> Instead of wandering all around the subject how about sticking to one
> very basic tube like the 811A. Now explain the cause of sudden arcing,
> bangs, flashes, etc with the end result being a broken filament and even
> other circuit components.
There certainly are multiple causes Carl, but it is quite obvious
from the emission limitations of the tube and the actual mechanical
force available it can not be the direct result of an oscillation.
It's my opinion that whenever someone does not understand a problem,
he falls back on something he can understand. This is the point
where science departs from rumor and wive's tales.
> I'll even give you a hint...from my perspective; magnetic mumbo jumbo has
> nothing to do with it.
The magnetic issue is indeed mumbo jumbo. It can be clearly
demonstrated the amount of current required to mechanically
stress the tube are unavailable from either inrush or oscillations.
Look at a real world example of how trivial the magnetic force
really is. A small induction type meter, typically used for a car
ammeter, has to use very strong magnets, light weight pointers, and
steel magnetic paths to cause a meter pointer to deflect with
dozens of amperes of current flowing through a wire a fraction of an
It is the uneven HEATING of the filament that causes mechanical
stresses, not magnetic flux.
Two destructive mechanisms are at play in healthy vacuum
tubes Carl. I*I R losses producing heat, and kinetic energy from
electrons heating the element they strike. Any heat problem is a
function of BOTH power dissipation and time.
Kinetic heating is closely defined by the accelerating voltage
times the current. We do it every day. The anode dissipation is
simply the cathode to anode voltage times the anode current, at any
given instant of time. This is true under ANY operating condition.
Peak voltage is determined by the Q of the anode load and conduction
angle of the tube.
In normal operation a tube that comes up and idles fine for hours and
hours on end can arc and fail when RF drive is applied. The reason is
the anode voltage easily exceeds the quiescent voltage.
Outgassing also is a common occurrence. If the elements are heated,
gas molecules can be brought to the surface and released. Graphite
anode tubes are very susceptible to this problem, because the
porous graphite traps gas. It takes longer to pump a graphite anode
tube down, because the thicker porous anode material often traps more
So if you fire up a tube, even if that tube behaved normally at lower
voltages, and that tube suddenly arcs, it could be from several
causes. The anode voltage could have reached a higher peak value
and exceeded the breakdown voltage due to a load fault or exciter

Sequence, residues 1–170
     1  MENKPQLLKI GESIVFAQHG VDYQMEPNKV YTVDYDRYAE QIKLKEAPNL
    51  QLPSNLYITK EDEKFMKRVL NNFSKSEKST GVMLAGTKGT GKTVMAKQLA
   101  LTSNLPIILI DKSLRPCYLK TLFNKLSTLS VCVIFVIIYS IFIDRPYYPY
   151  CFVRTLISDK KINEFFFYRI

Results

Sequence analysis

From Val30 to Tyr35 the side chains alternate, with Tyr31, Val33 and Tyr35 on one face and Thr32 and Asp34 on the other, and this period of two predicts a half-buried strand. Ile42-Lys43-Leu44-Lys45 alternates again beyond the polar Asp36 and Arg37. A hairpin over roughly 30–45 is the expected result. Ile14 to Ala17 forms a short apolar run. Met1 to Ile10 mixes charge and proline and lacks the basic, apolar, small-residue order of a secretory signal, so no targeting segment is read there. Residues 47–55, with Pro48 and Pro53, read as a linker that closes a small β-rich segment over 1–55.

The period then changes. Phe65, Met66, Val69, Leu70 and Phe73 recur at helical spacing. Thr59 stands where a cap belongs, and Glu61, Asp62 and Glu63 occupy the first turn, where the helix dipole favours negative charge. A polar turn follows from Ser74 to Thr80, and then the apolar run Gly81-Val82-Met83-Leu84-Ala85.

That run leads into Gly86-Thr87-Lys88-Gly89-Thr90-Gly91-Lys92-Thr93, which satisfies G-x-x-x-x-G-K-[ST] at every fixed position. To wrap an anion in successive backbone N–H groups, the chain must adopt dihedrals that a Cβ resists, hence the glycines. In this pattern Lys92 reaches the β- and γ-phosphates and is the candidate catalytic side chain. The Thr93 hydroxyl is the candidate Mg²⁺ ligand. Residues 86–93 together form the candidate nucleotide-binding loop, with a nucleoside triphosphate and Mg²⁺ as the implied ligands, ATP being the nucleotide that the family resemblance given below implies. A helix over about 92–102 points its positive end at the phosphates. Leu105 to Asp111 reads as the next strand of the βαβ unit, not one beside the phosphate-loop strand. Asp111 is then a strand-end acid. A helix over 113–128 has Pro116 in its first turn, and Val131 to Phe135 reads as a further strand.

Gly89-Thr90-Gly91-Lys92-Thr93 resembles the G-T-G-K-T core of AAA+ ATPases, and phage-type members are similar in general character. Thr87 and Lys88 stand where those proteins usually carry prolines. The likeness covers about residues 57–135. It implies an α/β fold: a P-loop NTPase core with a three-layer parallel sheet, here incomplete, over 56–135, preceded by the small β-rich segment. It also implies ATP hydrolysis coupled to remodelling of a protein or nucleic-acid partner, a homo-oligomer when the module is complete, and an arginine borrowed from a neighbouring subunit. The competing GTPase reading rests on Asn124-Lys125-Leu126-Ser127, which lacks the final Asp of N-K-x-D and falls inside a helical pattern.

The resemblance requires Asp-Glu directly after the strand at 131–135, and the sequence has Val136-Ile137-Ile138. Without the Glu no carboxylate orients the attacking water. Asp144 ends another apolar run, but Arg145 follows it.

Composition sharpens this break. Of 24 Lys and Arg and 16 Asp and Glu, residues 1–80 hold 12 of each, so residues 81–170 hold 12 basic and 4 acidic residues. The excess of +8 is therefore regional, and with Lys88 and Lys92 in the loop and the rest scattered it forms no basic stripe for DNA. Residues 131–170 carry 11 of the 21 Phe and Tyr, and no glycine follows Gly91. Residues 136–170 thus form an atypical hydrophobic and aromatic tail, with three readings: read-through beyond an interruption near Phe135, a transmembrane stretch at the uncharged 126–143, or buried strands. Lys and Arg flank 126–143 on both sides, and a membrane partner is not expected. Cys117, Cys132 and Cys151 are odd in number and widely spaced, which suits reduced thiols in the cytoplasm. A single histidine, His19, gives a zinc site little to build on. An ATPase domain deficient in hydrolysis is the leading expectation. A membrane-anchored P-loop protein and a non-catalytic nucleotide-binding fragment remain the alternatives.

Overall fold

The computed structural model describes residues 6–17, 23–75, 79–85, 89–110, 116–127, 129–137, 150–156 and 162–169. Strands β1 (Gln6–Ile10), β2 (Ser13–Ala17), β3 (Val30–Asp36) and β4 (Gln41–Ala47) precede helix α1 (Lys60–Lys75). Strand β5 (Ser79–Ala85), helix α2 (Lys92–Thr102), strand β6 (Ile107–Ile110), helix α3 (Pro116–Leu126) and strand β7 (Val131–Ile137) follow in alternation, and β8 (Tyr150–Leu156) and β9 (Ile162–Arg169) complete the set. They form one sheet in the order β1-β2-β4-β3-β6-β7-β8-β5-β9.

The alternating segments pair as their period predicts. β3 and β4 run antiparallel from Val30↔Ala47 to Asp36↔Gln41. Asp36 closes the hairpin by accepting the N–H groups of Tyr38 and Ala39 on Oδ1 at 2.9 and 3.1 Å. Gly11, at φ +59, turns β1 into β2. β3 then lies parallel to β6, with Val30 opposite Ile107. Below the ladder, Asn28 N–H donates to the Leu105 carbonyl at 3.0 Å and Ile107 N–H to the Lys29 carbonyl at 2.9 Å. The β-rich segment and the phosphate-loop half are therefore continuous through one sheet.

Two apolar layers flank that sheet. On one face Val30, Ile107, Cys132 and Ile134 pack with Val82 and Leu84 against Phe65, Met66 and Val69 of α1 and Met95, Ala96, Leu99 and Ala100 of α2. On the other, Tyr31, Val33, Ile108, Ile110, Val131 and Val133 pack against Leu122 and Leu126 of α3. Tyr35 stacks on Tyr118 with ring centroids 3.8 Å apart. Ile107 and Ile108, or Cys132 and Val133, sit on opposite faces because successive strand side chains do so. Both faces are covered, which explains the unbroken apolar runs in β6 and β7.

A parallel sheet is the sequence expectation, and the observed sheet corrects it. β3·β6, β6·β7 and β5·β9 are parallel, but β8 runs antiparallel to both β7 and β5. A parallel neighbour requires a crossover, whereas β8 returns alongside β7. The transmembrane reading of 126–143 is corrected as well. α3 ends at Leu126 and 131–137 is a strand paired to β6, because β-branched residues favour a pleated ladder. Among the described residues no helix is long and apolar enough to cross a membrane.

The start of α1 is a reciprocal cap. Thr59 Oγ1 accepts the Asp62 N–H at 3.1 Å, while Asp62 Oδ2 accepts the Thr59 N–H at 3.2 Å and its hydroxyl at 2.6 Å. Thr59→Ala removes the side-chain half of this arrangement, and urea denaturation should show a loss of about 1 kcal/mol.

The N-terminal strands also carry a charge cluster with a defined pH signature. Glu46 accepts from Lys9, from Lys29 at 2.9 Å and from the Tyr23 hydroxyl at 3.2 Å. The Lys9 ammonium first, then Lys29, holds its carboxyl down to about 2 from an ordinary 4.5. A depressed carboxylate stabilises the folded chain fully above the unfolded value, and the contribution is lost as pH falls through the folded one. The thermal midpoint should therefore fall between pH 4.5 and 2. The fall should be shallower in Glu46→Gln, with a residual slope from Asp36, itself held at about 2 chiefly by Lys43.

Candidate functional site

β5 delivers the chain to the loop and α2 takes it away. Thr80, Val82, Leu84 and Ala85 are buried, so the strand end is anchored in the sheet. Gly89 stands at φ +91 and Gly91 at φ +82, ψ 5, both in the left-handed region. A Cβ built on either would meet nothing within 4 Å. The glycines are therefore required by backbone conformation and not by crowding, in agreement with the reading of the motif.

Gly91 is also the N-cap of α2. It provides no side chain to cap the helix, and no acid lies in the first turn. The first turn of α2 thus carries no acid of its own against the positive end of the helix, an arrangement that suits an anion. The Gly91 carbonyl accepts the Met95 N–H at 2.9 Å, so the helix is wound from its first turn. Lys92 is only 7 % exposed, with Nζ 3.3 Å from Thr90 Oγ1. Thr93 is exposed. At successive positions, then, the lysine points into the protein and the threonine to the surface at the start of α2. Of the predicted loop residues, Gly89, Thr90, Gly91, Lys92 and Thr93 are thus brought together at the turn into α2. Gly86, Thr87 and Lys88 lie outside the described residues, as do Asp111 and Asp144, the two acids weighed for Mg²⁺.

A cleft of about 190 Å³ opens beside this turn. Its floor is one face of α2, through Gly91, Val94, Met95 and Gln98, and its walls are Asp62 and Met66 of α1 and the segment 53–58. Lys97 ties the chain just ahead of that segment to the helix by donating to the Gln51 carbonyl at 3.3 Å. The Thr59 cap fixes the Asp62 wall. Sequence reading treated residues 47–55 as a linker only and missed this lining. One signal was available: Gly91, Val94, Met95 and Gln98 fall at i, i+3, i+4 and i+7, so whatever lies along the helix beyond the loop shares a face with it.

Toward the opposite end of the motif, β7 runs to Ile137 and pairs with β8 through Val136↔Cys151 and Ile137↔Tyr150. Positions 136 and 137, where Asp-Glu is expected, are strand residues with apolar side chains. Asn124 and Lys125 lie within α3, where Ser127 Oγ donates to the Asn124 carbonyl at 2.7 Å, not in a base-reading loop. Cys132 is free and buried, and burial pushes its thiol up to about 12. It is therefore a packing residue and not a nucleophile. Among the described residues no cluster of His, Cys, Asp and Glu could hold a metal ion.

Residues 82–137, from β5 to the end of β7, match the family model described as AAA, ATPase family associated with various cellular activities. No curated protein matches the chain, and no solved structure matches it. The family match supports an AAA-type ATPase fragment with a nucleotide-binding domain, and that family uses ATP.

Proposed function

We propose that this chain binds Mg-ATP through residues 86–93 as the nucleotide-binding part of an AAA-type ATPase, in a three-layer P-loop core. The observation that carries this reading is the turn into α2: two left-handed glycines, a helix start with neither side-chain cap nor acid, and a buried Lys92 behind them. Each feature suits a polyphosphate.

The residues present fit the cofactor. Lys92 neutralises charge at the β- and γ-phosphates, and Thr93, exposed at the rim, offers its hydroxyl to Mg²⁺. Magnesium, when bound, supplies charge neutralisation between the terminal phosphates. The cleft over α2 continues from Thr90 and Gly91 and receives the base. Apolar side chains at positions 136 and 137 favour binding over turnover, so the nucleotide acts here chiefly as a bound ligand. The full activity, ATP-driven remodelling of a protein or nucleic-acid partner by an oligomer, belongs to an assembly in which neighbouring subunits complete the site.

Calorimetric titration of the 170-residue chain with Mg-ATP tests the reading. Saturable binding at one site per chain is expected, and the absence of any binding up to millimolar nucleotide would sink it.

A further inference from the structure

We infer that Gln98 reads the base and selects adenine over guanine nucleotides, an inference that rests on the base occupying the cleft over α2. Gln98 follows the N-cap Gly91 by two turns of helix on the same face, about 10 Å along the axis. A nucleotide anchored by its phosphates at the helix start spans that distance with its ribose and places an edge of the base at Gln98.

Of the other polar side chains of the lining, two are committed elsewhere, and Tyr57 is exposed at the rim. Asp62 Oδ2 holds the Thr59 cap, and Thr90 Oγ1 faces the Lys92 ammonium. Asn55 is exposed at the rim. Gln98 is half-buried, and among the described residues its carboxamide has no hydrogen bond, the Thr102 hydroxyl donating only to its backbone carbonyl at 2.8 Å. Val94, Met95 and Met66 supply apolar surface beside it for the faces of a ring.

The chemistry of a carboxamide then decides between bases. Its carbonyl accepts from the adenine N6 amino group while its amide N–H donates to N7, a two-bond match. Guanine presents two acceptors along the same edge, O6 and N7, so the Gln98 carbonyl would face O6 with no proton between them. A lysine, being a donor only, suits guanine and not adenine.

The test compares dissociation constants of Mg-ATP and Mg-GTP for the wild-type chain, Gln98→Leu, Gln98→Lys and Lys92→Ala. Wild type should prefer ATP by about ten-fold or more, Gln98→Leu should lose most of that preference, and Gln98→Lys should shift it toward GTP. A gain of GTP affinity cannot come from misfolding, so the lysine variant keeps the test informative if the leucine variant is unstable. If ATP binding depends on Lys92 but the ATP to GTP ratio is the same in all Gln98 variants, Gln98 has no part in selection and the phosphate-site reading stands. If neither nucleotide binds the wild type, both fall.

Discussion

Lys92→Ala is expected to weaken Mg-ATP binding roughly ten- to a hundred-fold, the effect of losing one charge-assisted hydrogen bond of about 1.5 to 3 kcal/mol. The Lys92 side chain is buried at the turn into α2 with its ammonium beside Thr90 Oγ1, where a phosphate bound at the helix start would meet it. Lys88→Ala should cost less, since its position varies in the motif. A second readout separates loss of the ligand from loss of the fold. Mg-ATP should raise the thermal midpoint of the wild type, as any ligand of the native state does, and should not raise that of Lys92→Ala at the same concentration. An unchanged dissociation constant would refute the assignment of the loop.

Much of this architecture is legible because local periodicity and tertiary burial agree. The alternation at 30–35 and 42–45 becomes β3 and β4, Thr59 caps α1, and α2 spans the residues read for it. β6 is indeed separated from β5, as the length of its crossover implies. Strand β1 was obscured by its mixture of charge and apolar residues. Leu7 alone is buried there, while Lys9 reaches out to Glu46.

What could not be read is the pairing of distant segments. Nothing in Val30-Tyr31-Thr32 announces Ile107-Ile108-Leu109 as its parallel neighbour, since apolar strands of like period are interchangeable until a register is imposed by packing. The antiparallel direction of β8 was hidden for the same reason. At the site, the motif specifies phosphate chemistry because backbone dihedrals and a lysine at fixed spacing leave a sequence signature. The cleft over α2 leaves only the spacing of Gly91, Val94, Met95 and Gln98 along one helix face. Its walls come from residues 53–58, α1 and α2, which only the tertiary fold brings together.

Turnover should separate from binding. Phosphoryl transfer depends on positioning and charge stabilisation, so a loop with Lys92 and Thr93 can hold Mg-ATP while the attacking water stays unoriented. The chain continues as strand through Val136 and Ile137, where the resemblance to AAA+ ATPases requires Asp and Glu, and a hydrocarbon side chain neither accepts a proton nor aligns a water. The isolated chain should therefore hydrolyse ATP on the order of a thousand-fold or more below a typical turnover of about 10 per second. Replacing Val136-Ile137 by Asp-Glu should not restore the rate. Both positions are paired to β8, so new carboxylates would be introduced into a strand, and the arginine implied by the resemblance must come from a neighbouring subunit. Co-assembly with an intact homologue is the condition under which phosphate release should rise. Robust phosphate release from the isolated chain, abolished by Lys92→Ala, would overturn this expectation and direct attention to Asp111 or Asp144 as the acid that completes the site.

transient, the tube could have outgassed from additional heat
(any of the elements inside can release gas, not just the anode), or
a poor weld or weak area could fail from the thermal stress.
Any of these things can cause a tube to suddenly arc.
There is no single answer to WHY a tube arcs, as much as people
who sell bottled cures would like there to be. The likelihood it is
a parasitic is far down the list (actually very near the bottom),
since system Q and drive power (and hence anode voltage) is MUCH
higher at the operating frequency.
People are free to believe what they like, no one can prove
UFO's don't land and abduct people for sinister sexual experiments.
Just like with these UFO landings, the proponents of parasitics point
to other abductees or enlist UFO believers as evidence the exist.
When asked to show the math proving the alleged magnetic destruction
occurs, they fall back on more "people stories".
You asked why the filaments failed. I have no idea, except it must
have been a mechanical or thermal failure. The anode current is
limited by a minimum total ESR of about ten ohms in that PA, and that
limits discharge current to 170 amperes or less. A 170 ampere arc
could certainly burn through a filament, but in order to arc the tube
would have to have been gassy or defective anyway.
A good 811 tube will hi-pot above 8 kV, there is no likelihood at
all the anode voltage could exceed 8 kV, since other parallel
components are rated at much less breakdown voltage.
In any event, virtually all 811 tube failures are from holes
burned in the anodes, not filament death. Filament failures are far
below glass failures in frequency, while anode failures (accompanied
by holes melted in the anode) are relatively common.
73, Tom W8JI
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